Confronting Israeli Apartheid 2014, Sheffield University

Mariya Hussain

The annual Confronting Israeli Apartheid conference took place at Sheffield University last weekend. Students from all over the UK, including members of KCLAP, went for the weekend to learn how to, as the name of the conference suggests, confront Israeli apartheid and build the student movement for Palestine on campus. A lot of emphasis was placed on BDS campaigns and how to plan them.

TProcessed with VSCOcam with f2 presethe weekend began with talks from Malaka Mohammed, Abdul Razzaq Takriti, Jumana Asmail and Rafeef Ziadah followed by a question and answer session which set a tone of discussion and education for the weekend. Workshops that followed focused on campaigning and how to effectively communicate about the Palestinian struggle on campus, two things that are a Palestinian society’s primary objectives.

Sunday was more specific and very helpful. “Combating Lawfare” explored the tactics used by anti-Palestinian groups to close down debate and how to combat it; “Building Connections with Palestine” and “Working with Local Activists & After University Activism” both focused on building networks, locally, nationally and internationally, something vital for the cause; “Working within Student Unions” and “Operating within NUS” delivered by Areeb Ullah and Malia Bouattia cleared up misconceptions about the role of NUS regarding Palestine and how we can get involved to affect policy and ensure implementation of change.

The weekend ended with dates decided for regional meetups, planning for BDS campaigns and a group photograph before we all departed and took what we learnt back to our campuses across the country.

After the practical advice and education on campaigning and supporting the cause, the most beneficial and exciting thing about the conference was meeting fellow student activists. It was great to hear about Palestinian societies and campaigns, their success, setbacks and plans for the future. Palestinians themselves were heard from too, whether they were presenting or attending, and the conference provided a unique meeting point where their voices and thoughts could be heard.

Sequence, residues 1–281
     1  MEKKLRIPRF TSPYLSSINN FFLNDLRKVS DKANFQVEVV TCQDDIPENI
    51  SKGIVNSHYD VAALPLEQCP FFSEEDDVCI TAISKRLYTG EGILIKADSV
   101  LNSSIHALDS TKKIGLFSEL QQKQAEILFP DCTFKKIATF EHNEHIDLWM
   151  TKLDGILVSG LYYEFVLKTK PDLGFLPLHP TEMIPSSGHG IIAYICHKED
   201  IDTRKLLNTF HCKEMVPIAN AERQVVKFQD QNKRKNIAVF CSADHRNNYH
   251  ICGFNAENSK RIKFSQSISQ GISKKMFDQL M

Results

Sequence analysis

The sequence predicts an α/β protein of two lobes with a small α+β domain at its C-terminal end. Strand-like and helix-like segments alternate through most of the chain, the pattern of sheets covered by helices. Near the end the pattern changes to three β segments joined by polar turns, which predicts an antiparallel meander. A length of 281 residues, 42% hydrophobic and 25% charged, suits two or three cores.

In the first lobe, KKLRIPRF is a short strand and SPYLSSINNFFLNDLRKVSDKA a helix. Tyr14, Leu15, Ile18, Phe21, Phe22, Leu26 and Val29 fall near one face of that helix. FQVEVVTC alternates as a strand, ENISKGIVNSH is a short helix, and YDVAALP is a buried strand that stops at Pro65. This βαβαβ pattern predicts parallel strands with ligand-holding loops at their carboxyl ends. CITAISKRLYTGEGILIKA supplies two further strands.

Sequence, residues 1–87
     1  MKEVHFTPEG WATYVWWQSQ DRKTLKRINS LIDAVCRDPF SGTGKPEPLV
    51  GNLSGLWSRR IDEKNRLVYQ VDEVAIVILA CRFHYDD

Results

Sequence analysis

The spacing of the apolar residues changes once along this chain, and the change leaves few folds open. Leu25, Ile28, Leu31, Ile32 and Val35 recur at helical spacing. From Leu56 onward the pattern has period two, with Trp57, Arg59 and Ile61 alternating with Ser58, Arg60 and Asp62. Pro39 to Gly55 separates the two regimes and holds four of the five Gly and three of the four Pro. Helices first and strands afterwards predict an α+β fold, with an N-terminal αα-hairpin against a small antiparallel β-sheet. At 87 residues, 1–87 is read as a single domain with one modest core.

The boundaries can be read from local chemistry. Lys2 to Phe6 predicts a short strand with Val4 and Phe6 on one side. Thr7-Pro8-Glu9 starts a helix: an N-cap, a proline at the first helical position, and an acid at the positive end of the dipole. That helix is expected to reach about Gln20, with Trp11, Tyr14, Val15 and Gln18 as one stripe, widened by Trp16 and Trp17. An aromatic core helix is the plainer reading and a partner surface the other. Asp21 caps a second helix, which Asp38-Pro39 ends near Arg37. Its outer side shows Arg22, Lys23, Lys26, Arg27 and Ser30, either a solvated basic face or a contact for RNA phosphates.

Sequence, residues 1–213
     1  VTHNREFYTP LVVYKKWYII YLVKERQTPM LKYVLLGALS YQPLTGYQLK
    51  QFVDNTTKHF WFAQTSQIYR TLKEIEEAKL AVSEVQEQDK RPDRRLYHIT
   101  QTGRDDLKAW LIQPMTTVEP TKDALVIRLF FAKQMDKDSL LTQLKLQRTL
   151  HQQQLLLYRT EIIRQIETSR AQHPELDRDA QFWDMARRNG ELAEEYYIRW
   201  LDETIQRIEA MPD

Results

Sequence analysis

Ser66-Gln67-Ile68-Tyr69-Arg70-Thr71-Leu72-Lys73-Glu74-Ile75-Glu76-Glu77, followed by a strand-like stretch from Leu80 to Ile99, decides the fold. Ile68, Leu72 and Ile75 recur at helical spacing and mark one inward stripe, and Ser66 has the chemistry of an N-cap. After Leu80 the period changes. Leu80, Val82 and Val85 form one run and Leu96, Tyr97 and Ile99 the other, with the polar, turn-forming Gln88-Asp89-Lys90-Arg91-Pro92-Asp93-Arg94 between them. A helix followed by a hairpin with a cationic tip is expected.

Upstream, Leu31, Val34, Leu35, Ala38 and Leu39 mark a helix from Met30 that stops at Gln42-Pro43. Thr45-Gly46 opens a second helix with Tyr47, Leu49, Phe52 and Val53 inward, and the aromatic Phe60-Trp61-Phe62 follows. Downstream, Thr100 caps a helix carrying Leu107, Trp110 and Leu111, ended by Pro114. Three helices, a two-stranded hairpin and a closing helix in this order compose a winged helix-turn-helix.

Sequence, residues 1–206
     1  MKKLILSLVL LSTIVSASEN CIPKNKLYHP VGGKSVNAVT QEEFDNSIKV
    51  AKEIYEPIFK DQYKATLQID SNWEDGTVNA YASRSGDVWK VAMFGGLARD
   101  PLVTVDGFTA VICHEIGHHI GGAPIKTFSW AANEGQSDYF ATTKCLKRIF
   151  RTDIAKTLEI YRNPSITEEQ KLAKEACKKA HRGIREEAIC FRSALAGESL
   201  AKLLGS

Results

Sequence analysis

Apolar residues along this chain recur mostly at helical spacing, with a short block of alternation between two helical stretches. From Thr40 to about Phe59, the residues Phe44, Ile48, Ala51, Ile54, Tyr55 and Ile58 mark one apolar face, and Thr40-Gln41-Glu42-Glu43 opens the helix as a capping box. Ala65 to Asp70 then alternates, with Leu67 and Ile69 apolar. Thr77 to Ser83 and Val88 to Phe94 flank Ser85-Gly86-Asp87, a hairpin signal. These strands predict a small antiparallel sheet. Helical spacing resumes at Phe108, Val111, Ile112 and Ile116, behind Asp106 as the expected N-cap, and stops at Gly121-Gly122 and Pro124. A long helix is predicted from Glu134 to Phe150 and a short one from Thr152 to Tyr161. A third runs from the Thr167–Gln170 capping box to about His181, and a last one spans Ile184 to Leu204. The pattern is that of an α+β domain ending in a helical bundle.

The conference painted a picture of the state of Palestine activism within the student body and what a diverse canvas it was! Societies and campaigns were at different stages, obstacles were being faced, successes being celebrated, but the common thread throughout the diversity was the inspiring enthusiasm and dedication to the Palestinian cause. Real change can be made through the student movement and the Confronting Israeli Apartheid conference highlighted this, galvanising all who attended.

Some thoughts from members who attended:

It was great to meet with other Palestinian societies, hear their ideas and network. It was also great to meet really cool people like Rafeef Ziadah, who it turns out is an amazing woman.

– David Robinson

A thrilling, politically charged conference full of passionate and active students. The level of organisation was incredible, I could imagine a similar thing happening during the boycott movement against apartheid South Africa or the anti war movement during Vietnam. I hope, as part of the international solidarity movement and the Palestinian resistance, that we make history.

– Alberto Torres

The conference gave me education and confidence in knowing what we can do as a society and student body. The question and answer sessions with Palestinian speakers offered a real and personal view point.

– Duaa Khair

The variety of people there was great to see as it projected this United front supporting the Palestinian cause. Also the workshops gave us brilliant advice on how to effectively transmit and broadcast the principles and motives of KCLAP. It was a well organised event with great guest speakers, and I highly anticipate attending the next one.

– Ghenwa Minawi

I learnt a lot through the workshops and found meeting other student activists from around the country very interesting. It was good to hear about all the work going on and the plans for the future.

– Yousef Eltuhamy




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